On January 10, 2020, the Government Accountability Office (GAO) released a report which “found weaknesses in the Health Resources and Services Administration’s (HRSA) oversight [of the 340B Program] that may result in some hospitals receiving discounts for which they are not eligible.” The GAO report primarily focused on the extent to which HRSA is monitoring and reviewing nongovernmental hospitals’ contracts with state or local governments. These contracts, required by statute as a condition of participation in the 340B Program, must be between the nongovernmental hospital and a unit of state or local government, and must indicate that the hospital will provide health care services to low-income individuals not eligible for Medicaid or Medicare.
While much attention has been paid to the ongoing litigation related to the ongoing 340B Medicare Part B payment reduction litigation (which is now pending before the US Court of Appeals for the DC Circuit), new legislation at the state level may also have a significant impact on covered entity reimbursement for 340B drugs.
The Centers for Medicare & Medicaid Services (CMS) “respectfully disagreed” with a recent federal district court’s “understanding of the scope of CMS’ adjustment authority” in making cuts to Medicare Part B reimbursement for drugs purchased through the 340B program, saying it plans to continue its 28.5 percent reduction in reimbursement while it pursues an appeal in federal court.
340B Medicare Part B Adjustment Litigation Update
In the latest development of the ongoing 340B Medicare Part B payment reduction controversy, US District Judge Rudolph Contreras again concluded that the Department of Health and Human Services (HHS) exceeded its statutory authority in implementing a reduced Medicare reimbursement rate for 340B Program drugs for 2019. In issuing the opinion, the court relied upon the same analysis it employed to declare the same 2018 reimbursement reductions unlawful. As such, the court has enjoined HHS’ proposed Medicare reimbursement reductions for both 2018 and 2019. Continue Reading
On March 11, 2019, the President delivered his proposed 2020 budget to Congress. While a President’s budget proposal is the beginning of a lengthy budget process, this proposed budget nonetheless keeps the 340B Program in the national focus and delineates the President’s position on desired 340B Program changes.
CVS Caremark has decided not to implement reimbursement reductions which may have had adverse effects on Covered Entities and their retail pharmacies (including contract pharmacies). This decision, coupled with the recent court decision invalidating certain aspects of the proposed Medicare Part B payment reductions for 340B drugs, provides some positive news for these Covered Entities after years of uncertainty over the future of the 340B Program.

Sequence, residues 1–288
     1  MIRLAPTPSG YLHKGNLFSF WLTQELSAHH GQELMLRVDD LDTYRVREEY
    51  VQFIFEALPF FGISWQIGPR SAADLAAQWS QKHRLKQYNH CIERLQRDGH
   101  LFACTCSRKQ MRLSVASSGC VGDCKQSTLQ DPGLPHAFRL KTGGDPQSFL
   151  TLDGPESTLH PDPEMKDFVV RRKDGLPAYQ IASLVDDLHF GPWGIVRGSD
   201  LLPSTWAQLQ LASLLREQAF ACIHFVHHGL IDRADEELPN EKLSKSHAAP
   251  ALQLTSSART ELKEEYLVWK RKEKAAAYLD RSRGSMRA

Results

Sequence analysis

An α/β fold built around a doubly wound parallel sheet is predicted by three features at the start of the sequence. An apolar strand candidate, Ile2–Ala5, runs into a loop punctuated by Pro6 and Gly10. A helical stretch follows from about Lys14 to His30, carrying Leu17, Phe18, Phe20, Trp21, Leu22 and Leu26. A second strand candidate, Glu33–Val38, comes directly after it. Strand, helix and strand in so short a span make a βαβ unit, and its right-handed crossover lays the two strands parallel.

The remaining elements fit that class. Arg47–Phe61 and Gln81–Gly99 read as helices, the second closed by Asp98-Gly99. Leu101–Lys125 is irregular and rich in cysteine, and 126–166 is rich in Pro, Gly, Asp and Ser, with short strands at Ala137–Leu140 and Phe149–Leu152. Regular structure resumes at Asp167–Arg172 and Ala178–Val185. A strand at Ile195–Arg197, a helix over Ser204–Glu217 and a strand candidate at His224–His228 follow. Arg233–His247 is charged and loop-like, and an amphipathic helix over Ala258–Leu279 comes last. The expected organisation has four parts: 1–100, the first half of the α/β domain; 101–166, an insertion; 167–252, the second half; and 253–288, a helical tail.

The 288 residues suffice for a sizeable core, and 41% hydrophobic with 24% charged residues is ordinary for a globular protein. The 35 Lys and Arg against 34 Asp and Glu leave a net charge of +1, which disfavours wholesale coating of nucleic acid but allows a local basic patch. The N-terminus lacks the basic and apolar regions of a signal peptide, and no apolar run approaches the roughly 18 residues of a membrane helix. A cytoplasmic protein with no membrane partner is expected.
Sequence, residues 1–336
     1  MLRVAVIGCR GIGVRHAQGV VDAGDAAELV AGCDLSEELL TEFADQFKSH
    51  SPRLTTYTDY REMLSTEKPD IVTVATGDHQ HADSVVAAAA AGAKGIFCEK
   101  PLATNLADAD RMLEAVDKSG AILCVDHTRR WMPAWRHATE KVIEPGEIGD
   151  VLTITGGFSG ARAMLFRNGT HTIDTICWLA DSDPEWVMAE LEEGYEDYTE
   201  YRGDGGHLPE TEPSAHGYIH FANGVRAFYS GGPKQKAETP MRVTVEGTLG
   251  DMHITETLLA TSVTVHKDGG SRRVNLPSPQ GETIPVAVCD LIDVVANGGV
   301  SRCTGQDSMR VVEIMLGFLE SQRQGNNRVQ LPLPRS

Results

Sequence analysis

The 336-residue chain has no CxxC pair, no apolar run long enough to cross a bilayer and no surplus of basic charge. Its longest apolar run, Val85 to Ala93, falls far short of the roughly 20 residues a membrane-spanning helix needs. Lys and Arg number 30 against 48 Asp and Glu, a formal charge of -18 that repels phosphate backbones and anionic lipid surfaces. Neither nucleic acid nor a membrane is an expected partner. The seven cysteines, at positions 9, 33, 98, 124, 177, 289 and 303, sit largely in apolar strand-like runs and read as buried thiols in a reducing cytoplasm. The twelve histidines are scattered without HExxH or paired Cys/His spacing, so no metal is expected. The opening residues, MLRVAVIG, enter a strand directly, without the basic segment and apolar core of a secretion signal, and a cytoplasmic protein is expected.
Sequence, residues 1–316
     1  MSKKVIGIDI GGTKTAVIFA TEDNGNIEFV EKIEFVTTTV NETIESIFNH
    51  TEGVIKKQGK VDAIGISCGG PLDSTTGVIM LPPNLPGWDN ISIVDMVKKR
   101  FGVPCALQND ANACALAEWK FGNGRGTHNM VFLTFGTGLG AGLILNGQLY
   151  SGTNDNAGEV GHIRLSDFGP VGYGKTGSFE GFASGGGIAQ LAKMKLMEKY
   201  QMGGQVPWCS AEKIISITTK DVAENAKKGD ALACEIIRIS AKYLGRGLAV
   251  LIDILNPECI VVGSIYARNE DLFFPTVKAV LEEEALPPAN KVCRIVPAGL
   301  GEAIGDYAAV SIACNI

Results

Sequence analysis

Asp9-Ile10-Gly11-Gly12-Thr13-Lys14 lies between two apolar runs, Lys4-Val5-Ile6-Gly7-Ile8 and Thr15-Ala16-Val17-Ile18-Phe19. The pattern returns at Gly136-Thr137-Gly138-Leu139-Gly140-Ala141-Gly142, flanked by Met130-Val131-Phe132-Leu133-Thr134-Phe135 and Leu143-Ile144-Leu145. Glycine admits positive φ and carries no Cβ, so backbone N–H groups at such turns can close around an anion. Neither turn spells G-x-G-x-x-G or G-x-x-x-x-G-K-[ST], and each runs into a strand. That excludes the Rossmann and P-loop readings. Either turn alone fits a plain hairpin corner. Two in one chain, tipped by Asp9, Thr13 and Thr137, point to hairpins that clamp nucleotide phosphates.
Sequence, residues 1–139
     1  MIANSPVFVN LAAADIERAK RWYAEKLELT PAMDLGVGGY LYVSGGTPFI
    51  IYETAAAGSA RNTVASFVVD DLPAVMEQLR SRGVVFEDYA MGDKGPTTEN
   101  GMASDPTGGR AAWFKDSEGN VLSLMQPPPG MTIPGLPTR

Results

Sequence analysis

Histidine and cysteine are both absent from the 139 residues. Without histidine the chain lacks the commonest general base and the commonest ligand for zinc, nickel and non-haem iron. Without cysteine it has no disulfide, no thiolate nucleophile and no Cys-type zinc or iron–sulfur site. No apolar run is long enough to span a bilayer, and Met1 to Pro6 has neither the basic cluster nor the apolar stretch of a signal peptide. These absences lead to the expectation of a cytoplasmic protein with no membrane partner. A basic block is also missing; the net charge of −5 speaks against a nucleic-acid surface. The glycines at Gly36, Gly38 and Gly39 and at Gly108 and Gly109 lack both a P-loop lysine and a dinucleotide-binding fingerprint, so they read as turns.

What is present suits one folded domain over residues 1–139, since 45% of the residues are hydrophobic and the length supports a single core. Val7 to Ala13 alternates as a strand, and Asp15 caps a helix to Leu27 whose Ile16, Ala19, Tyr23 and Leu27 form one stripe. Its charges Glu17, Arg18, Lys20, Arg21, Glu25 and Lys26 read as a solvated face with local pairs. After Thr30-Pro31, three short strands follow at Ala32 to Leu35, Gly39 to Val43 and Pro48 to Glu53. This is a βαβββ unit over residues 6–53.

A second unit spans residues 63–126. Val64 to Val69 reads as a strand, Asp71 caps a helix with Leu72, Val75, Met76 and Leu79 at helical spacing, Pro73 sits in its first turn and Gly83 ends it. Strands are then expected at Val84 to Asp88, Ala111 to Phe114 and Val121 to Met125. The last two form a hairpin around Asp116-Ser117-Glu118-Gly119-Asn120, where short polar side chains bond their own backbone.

It’s been a roller coaster two years for the 340B Program, and we are now back to review some of the major developments and program changes during this time. On the highest level, despite a flurry of proposed legislative action, the 340B Program remains largely unchanged from where it stood prior to 2017. As covered in more detail below, the notable exception to this is the significant Medicare Part B reimbursement reductions for certain categories of 340B covered entities. Of course, in typical 340B Program “see saw” fashion, the future of these reimbursement reductions remains uncertain after a surprising recent court decision striking down the legality of these reductions for 2018. The 340B Program has also seen changes in the audit process for covered entities, which we discuss below.
The proposed 340B Drug Pricing Program Omnibus Guidance that was issued in August 2015 and promised to turn the 340B world on its head was withdrawn on January 30, 2017.
Not that most covered entities are upset. The proposed 340B Drug Pricing Program Omnibus Guidance proposed a host of changes to the 340B Drug Pricing Program, a law that requires drug manufacturers to provide discounts on “covered outpatient drugs” to “covered entities,” when those “covered entities” provide the drug to “eligible patients.” As we’ve covered in multiple posts, these changes ran the gamut–and most of the time, to the detriment of covered entities. Probably the most significant proposed change was the overhaul of the patient definition, which, among other things, tightened the nexus between a patient, a prescriber, and the covered entity registered site. Continue Reading
Yep. Audits. They are happening. And, chances are, if your covered entity (“CE”) hasn’t experienced one yet, it is coming to you sometime soon. At both 340B University (hosted by Apexus, the prime vendor for the 340B Drug Pricing Program) and the 340B Coalition Conference (hosted by 340B Health) many CEs we interacted with had already experienced the Health Resources and Services Administration (“HRSA”) audit process. Continue Reading
Maybe it is just us, but we wanted to know whether we would get a different experience at 340B University versus the 340B Coalition Conference. In some ways, these conferences could not have been more different. But, at the heart of it all, each had the same underlying education of stakeholders so that covered entities (“CEs”) can continue stretching “scarce Federal resources as far as possible, reaching more eligible patients and providing more comprehensive services.”
The 340B Prime Vendor, Apexus, puts on this educational program. Apexus is the “exclusive contractor” for the 340B Drug Pricing Program (“340B Program”). As the 340B Prime Vendor, Apexus works closely with the Health Resources and Services Administration (“HRSA”) to provide education to providers. Continue Reading